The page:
Boucher to Propose Legislation about WWII, Holocaust Instruction for CT Schools
Wednesday, Jan. 24, 2018–State Sen. Toni Boucher (R-26) issued a press release today, announcing that she plans to introduce legislation to require all CT high schools to teach about the Holocaust and World War II.
Boucher said she was motivated to create the legislation by the recent instances of swastika graffiti and damage found in Southwestern Connecticut.
During the fall of 2017, there were incidents where swastikas and anti-semitic graffiti were found in Wilton and Ridgefield schools and Ridgefield parks. Boucher represents both communities. In both towns, these incidents were not the first time similar hate crimes were committed.
“These incidents show that young people, in particular, really don’t have an understanding of what the Holocaust was and what the Nazis were trying to accomplish,” she said. “They need to learn what our Allied soldiers found when they liberated the concentration camps. They need to know that two-thirds of Jewish people in Europe were systematically exterminated.”
Boucher said she believes that if those who created the swastika graffiti knew the true history behind it, they never would have used it to deface property. That lack of knowledge makes it easier for children to fall prey to racist ideologies.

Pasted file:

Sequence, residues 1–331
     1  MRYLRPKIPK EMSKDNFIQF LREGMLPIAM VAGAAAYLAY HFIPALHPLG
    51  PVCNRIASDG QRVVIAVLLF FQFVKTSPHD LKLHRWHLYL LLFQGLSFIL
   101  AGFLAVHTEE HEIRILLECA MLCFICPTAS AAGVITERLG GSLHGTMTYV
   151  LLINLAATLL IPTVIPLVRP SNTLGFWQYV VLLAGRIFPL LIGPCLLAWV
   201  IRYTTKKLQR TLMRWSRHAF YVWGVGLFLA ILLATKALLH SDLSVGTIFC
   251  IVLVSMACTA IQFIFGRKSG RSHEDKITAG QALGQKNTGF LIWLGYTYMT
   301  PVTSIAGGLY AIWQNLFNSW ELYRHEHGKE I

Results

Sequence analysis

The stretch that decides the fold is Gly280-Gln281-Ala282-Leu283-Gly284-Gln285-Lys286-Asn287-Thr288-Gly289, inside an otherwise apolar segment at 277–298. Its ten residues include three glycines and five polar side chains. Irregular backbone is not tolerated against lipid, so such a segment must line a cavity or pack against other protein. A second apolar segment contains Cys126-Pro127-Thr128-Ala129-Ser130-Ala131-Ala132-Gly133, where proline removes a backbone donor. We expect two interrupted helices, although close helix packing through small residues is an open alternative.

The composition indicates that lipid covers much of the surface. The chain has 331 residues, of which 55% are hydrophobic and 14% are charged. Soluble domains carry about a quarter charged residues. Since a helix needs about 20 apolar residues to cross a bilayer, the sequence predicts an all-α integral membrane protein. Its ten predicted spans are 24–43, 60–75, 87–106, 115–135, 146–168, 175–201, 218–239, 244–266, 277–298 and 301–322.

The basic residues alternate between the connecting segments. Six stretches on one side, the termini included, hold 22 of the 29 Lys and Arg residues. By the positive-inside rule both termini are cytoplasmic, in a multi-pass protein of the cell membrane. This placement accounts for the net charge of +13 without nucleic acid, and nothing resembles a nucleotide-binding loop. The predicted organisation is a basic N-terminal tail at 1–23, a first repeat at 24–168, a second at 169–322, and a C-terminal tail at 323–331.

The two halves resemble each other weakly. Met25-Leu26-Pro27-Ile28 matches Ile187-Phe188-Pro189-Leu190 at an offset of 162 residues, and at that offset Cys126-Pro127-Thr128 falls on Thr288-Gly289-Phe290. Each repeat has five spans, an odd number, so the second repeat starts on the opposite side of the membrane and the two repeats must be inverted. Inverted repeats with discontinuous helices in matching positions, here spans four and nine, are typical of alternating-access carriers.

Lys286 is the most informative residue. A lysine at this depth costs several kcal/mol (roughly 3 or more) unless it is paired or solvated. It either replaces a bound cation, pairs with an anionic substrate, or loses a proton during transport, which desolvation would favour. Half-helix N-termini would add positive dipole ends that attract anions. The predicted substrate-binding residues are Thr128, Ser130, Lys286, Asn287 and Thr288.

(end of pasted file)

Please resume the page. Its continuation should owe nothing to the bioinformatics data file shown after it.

“What start as thoughts can eventually turn into action,” she said. “As a society, we have seen both the positive and negative outcomes from that. We must give our children the necessary tools guard against racism and racist ideologies.
“During middle school and high school, children are still developing who they will become. What they learn during this time shapes their perspective,” she said. “We are more than a half century removed from the events that led up to and happened during WWII. Every day we lose more of our WWII veterans, Holocaust survivors, and the witnesses to the atrocities that happened. If we are to keep the promise of “never again,” we must take the steps to make sure these events are never forgotten.”
Boucher said she believes the best way to combat the ignorance of racism is with knowledge. Knowing this important piece of history will help prevent it from happening again.
In addition to Wilton and Ridgefield, Boucher also represents the communities of Bethel, New Canaan, Redding, Weston and Westport. In 2017, Boucher also formed a committee to explore running for Governor in 2018.